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J Consult Clin Psychol. 2004 Jun;72(3):455-66.

Brief treatments for cannabis dependence: findings from a randomized multisite trial.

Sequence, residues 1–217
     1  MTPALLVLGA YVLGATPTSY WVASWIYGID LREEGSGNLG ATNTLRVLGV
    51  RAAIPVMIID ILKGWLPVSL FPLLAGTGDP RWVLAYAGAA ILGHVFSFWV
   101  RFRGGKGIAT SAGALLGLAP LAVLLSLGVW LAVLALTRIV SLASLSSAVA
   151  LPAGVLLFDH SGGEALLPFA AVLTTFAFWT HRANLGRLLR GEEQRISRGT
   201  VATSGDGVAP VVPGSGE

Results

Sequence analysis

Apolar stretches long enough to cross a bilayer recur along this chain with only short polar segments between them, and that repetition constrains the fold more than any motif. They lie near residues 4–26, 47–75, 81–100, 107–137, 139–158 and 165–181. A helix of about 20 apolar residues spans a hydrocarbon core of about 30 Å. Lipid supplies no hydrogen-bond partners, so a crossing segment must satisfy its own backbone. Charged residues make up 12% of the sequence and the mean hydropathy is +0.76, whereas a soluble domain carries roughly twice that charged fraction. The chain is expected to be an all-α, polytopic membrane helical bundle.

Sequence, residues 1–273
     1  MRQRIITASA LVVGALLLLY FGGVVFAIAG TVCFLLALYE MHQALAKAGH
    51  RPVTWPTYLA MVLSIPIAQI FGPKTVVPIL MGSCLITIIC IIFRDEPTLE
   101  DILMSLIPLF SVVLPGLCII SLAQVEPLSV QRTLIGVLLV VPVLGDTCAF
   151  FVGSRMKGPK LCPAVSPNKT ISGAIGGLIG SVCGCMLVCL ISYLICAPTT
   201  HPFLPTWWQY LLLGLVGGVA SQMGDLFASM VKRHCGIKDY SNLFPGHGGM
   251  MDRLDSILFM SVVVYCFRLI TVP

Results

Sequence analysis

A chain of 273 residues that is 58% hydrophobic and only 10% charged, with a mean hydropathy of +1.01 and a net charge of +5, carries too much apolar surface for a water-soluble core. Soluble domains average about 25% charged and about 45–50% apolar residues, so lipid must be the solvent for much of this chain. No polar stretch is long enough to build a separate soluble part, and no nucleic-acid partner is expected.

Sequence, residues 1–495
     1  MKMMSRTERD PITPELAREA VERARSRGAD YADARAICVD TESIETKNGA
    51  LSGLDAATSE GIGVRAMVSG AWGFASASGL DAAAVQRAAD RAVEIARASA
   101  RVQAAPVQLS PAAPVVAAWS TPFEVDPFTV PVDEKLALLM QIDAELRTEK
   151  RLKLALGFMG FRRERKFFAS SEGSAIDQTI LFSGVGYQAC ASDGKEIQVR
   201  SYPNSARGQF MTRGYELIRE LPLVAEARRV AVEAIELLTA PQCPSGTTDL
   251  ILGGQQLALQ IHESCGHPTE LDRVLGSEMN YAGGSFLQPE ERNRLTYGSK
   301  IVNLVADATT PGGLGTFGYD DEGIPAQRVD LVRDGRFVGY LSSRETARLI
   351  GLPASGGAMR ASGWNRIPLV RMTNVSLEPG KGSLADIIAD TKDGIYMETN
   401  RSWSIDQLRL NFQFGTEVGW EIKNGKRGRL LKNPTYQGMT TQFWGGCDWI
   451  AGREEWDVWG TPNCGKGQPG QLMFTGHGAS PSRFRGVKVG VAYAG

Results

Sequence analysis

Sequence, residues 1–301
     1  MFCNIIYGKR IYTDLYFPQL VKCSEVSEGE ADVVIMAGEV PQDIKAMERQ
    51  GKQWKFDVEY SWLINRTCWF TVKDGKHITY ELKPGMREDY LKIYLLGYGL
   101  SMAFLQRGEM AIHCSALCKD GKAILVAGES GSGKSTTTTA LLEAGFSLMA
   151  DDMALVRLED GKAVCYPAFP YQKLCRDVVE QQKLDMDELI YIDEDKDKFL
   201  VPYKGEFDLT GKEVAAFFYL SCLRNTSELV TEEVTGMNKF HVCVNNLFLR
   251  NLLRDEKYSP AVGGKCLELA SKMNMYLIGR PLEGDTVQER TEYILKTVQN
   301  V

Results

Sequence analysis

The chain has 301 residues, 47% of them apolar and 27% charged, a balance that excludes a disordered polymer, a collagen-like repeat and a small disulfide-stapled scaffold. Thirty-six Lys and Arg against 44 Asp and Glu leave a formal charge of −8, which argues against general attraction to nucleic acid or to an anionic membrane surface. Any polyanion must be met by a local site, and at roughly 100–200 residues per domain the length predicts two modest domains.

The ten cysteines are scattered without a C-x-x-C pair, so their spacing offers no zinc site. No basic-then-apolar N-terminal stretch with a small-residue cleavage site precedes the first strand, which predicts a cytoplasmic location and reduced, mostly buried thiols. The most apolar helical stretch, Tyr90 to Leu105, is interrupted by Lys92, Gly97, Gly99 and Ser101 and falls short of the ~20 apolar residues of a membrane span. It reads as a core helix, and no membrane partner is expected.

This study evaluated the efficacy of 2 brief interventions for cannabis-dependent adults. A multisite randomized controlled trial compared cannabis use outcomes across 3 study conditions: (a) 2 sessions of motivational enhancement therapy (MET); (b) 9 sessions of multicomponent therapy that included MET, cognitive-behavioral therapy, and case management; and (c) a delayed treatment control (DTC) condition. Participants were 450 adult marijuana smokers with a Diagnostic and Statistical Manual of Mental Disorders (4th ed.; American Psychiatric Association, 1994) diagnosis of cannabis dependence. Assessments were conducted at baseline, and at 4, 9, and 15 months postrandomization. The 9-session treatment reduced marijuana smoking and associated consequences significantly more than the 2-session treatment, which also reduced marijuana use relative to the DTC condition. Most differences between treatments were maintained over the follow-up period. Discussion focuses on the relative efficacy of these brief treatments and the clinical significance of the observed changes in marijuana use.

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